“Well, I anticipate (the offense is) going to be different, because we don’t quite have the homerun hitters we’ve had in the past,” said Joe Girardi last week. “So we’re going to have to find different ways to score runs. I think when you look at our club this year, there’s more speed. You have one outfielder who has the potential of stealing 50-60 bases if he stays healthy the whole year. So I think our offense is going to be different, but I believe that we’re going to score runs. It’s just going to be in a different fashion than it has been in the past.”

As Girardi mentioned, speed on the bases is going to more important this summer. Brett Gardner is returning from his elbow injury and he’s averaged 43 steals per 150 games played throughout his big league career. Ichiro has stolen no fewer than 26 bases in any of his 12 big league seasons and Curtis Granderson has a handful of 20+ steal seasons to his credit. He only stolen ten bases (in 13 attempts) last year for whatever reason, but hopefully he runs a little more in his contract year. Given his ankle injury, I wouldn’t count on Derek Jeter to steal any bases. I’m sure he’ll grab a few, but they’re a bonus. Eduardo Nunez might swipe a few off the bench as well.

MLB and the player’s union eliminated the fake-to-third, throw-to-first pickoff move this winter, and Orioles manager Buck Showalter told Jon Morosi that he expects stolen base totals to jump as a result. “The things (that move) keeps from happening were huge … It shuts down the first and third. A right-handed pitcher had to have that move. Otherwise, you’re giving up 90-feet all the time,” said Showalter. The timing works out well for the Yankees, but they’ll still need to actually take advantage of the rule change. That’s easier said than done, but I think a brilliant player like Ichiro will figure it out. Gardner … who knows.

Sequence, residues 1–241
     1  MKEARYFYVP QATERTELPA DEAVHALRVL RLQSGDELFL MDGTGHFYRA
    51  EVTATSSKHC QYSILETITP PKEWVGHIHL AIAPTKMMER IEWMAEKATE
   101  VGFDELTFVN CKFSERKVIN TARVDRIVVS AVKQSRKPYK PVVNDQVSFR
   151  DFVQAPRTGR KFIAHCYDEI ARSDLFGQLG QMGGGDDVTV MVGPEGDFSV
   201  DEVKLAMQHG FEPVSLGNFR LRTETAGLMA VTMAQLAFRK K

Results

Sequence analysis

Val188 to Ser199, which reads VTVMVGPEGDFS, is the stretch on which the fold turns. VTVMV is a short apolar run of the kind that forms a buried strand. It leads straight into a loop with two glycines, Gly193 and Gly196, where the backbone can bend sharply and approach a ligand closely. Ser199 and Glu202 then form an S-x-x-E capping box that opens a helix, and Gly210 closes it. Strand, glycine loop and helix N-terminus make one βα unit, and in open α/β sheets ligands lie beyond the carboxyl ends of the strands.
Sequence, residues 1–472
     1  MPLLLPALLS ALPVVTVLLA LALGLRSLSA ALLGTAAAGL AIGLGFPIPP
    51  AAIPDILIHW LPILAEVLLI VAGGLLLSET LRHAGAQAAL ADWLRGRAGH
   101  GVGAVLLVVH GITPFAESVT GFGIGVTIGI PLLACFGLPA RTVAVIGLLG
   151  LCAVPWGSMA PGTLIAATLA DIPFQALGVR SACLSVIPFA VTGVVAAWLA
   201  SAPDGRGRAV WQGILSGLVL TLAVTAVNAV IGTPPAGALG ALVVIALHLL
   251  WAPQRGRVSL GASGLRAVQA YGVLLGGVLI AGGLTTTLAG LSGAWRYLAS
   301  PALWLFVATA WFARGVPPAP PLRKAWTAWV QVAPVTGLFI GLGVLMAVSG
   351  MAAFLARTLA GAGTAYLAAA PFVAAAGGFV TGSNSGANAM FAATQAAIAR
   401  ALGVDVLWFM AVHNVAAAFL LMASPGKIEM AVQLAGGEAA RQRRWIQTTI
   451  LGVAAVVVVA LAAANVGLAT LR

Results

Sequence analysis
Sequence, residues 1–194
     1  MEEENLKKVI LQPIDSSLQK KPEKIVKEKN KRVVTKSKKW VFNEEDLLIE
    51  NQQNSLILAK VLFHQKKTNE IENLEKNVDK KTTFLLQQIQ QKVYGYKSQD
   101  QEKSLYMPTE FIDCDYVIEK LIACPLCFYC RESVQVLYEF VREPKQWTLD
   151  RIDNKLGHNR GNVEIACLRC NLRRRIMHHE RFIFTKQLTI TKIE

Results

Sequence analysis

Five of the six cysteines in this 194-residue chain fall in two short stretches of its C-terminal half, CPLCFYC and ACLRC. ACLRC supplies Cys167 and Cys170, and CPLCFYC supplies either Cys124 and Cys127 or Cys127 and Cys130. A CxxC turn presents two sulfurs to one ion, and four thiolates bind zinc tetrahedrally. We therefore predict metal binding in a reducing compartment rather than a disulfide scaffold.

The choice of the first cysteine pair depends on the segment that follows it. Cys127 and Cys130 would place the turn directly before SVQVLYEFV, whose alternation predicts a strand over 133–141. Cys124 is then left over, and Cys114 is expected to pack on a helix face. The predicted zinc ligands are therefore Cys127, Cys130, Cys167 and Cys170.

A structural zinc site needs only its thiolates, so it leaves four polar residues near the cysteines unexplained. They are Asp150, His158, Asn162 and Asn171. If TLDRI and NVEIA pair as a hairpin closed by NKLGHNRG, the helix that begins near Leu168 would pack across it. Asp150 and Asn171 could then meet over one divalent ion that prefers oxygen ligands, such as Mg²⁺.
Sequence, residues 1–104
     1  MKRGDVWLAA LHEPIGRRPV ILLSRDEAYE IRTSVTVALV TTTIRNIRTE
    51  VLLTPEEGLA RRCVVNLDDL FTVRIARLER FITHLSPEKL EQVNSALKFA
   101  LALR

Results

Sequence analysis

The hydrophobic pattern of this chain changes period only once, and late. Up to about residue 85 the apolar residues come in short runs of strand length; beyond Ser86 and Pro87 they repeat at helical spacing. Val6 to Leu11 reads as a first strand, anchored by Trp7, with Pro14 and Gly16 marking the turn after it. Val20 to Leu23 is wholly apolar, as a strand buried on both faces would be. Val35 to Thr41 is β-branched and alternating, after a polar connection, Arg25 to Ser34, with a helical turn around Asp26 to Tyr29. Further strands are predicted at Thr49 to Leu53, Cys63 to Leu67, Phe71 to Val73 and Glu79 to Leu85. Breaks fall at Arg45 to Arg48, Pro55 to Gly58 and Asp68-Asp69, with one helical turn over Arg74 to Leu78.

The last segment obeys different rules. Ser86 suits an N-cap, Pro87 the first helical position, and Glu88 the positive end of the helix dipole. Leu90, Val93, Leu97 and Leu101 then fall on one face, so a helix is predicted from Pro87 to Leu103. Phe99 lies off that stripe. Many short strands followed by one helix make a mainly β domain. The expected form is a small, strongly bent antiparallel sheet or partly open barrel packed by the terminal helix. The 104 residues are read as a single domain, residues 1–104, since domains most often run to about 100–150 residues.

Speed goes beyond stealing bases as well. Going first-to-third on a single, advancing on a wild pitch, all that stuff incrementally improves a team’s chances of scoring. Gardner, Granderson, Ichiro, and Nunez are the obvious candidates to pull that off, Jeter as well when healthy. Otherwise though, the lineup will be full of … wait for it … basecloggers like Mark Teixeira, Travis Hafner, and Kevin Youkilis. Those three are going to have to pick their spots, but the other guys can and will have to push the envelope more than usual this summer.

All this speed stuff sounds great in theory, but the Yankees aren’t in the best division for carefree base-running. Jose Molina and Matt Wieters are both elite when it comes to shutting down the stolen base game, and outfielders like Jose Bautista, Nick Markakis, Adam Jones, and Melky Cabrera all offer cannon arms that limit first-to-thirds, second-to-homes, and other base-running exploits. Shane Victorino on the other hand … don’t worry about him (part two!). It’s going to be very important for the Yankees — particularly first base coach Mick Kelleher and third base coach Robbie Thomson — to know the scouting reports this year. The margin of error is smaller thanks to the power decline.

Back in November, my pal Jackie Moore noted that stolen bases are more valuable right now than they have been in the past because of the overall offensive decline in the game. The Yankees have two premium base-stealing threats in Ichiro and Gardner (assuming he actually says healthy) and a nice secondary threat in Granderson. Nunez and Jeter are wildcards. It takes an awful lot of heady running to accumulate meaningful overall value on the bases — only one player (Mike Trout) was worth more than eight runs on the bases last year — but in real life, in actual game context, a stolen base or a first-to-third in the late innings of a close game is incredibly valuable. The Yankees will need to do more of that this year than they have at any point in the last 20 years or so.

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Earlier this offseason we heard that new third baseman Kevin Youkilis was hard at work with hitting coach Kevin Long in an effort to improve his declining offensive production. His overall output dropped down to a 102 wRC+ last season, basically league average, after sitting at 126 wRC+ in 2011 and 159 wRC+ in 2010. Considering he’s going to turn 34 next month, Youkilis was wise to get together with Long and make some adjustments before the season.